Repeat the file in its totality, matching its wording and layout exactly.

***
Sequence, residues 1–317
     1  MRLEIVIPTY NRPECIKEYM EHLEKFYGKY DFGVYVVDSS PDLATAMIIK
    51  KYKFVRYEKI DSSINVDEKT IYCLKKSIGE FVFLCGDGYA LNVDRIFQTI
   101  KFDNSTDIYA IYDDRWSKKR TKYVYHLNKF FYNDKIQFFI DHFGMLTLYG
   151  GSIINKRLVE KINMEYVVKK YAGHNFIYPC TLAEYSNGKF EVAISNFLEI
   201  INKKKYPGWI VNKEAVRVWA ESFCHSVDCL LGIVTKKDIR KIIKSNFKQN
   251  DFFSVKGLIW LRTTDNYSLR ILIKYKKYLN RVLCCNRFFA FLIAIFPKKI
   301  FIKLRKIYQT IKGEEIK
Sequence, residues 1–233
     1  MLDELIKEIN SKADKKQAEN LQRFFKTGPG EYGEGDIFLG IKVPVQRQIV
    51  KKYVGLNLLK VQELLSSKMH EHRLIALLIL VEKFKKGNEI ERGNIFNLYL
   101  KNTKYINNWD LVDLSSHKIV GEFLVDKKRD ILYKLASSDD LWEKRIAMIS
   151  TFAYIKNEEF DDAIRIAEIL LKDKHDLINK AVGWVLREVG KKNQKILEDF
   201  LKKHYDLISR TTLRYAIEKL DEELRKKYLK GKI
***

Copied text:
Sequence, residues 1–317
     1  MRLEIVIPTY NRPECIKEYM EHLEKFYGKY DFGVYVVDSS PDLATAMIIK
    51  KYKFVRYEKI DSSINVDEKT IYCLKKSIGE FVFLCGDGYA LNVDRIFQTI
   101  KFDNSTDIYA IYDDRWSKKR TKYVYHLNKF FYNDKIQFFI DHFGMLTLYG
   151  GSIINKRLVE KINMEYVVKK YAGHNFIYPC TLAEYSNGKF EVAISNFLEI
   201  INKKKYPGWI VNKEAVRVWA ESFCHSVDCL LGIVTKKDIR KIIKSNFKQN
   251  DFFSVKGLIW LRTTDNYSLR ILIKYKKYLN RVLCCNRFFA FLIAIFPKKI
   301  FIKLRKIYQT IKGEEIK
Sequence, residues 1–233
     1  MLDELIKEIN SKADKKQAEN LQRFFKTGPG EYGEGDIFLG IKVPVQRQIV
    51  KKYVGLNLLK VQELLSSKMH EHRLIALLIL VEKFKKGNEI ERGNIFNLYL
   101  KNTKYINNWD LVDLSSHKIV GEFLVDKKRD ILYKLASSDD LWEKRIAMIS
   151  TFAYIKNEEF DDAIRIAEIL LKDKHDLINK AVGWVLREVG KKNQKILEDF
   201  LKKHYDLISR TTLRYAIEKL DEELRKKYLK GKI